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Free Radic Biol Med. 2018 Oct;126:341-349. doi: 10.1016/j.freeradbiomed.2018.08.031. Epub 2018 Aug 27.

TRAIL protects against endothelial dysfunction in vivo and inhibits angiotensin-II-induced oxidative stress in vascular endothelial cells in vitro.

Author information

1
Heart Research Institute, Sydney 2042, Australia; Sydney Medical School, The University of Sydney, Sydney 2006, Australia.
2
School of Medical Sciences, University of New South Wales, Sydney 2052, Australia.
3
Sydney Medical School, The University of Sydney, Sydney 2006, Australia; Department of Cardiology, Royal Prince Alfred Hospital, Sydney, Australia.
4
Heart Research Institute, Sydney 2042, Australia; Sydney Medical School, The University of Sydney, Sydney 2006, Australia. Electronic address: mary.kavurma@hri.org.au.

Abstract

The vascular endothelium is critical for maintenance of cardiovascular homeostasis. Endothelial dysfunction is a key event of atherosclerosis, with oxidative stress mediated by reactive oxygen species (ROS) playing a major role. Tumour necrosis factor (TNF)-related apoptosis-inducing ligand (TRAIL) is increasingly recognised to play a protective role in atherosclerosis, however the molecular mechanisms by which it exerts its beneficial effects are unclear. Here we examined if TRAIL could attenuate vascular oxidative stress and improve endothelial cell (EC) function. In coronary artery disease patients, plasma TRAIL levels were significantly reduced compared to healthy individuals, and negatively correlated with the levels of circulating 8-iso Prostaglandin F, a marker of in vivo oxidative stress. In vivo, high-fat fed, atherosclerotic Trail-/-Apoe-/- mice exhibited a significant impairment in endothelial-dependent vasorelaxation, which correlated with increased vascular ROS and 4-hydroxynonenal compared to Apoe-/- mice. Endothelial permeability measured by Evan's blue dye extravasation was increased in several organs of Trail-/- mice compared to wild-type mice, which correlated with a decrease in VE-cadherin expression. In vitro in ECs, angiotensin II (AngII)-induced ROS generation involving the mitochondria, NADPH oxidase-4 (NOX-4) and eNOS, was inhibited by pre-treatment with TRAIL. Furthermore, AngII-augmented VCAM-1 expression and monocyte adhesion to ECs was inhibited by TRAIL. Finally, AngII reduced VE-cadherin expression and redistributed this protein, all of which was brought back to baseline by TRAIL pre-treatment. These findings demonstrate for the first time that TRAIL protects against several forms of endothelial dysfunction involving its ability to control EC ROS generation. Understanding the role TRAIL plays in normal physiology and disease, may lead to potential new therapies to improve endothelial function and atherosclerosis.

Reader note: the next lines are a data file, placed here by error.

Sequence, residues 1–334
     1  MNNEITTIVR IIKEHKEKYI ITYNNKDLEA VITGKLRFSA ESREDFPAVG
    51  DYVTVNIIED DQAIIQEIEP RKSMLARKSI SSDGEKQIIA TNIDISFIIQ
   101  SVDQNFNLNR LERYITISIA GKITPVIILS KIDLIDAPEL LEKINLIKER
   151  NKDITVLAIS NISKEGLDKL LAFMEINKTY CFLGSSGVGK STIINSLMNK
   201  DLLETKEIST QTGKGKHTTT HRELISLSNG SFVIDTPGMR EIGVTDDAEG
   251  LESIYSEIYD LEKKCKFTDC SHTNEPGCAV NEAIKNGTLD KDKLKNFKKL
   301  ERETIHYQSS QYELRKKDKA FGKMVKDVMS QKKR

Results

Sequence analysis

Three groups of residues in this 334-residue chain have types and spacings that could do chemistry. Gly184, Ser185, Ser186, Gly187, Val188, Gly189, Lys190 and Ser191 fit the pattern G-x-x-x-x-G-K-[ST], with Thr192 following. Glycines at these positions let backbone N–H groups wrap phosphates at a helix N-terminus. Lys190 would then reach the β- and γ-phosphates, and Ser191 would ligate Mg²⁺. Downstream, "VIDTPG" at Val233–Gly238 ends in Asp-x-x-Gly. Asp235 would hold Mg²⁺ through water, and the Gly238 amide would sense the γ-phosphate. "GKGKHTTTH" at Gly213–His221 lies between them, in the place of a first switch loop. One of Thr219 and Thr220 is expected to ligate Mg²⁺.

KEYWORDS:

Angiotensin II; Endothelial cells; Oxidative stress; TRAIL

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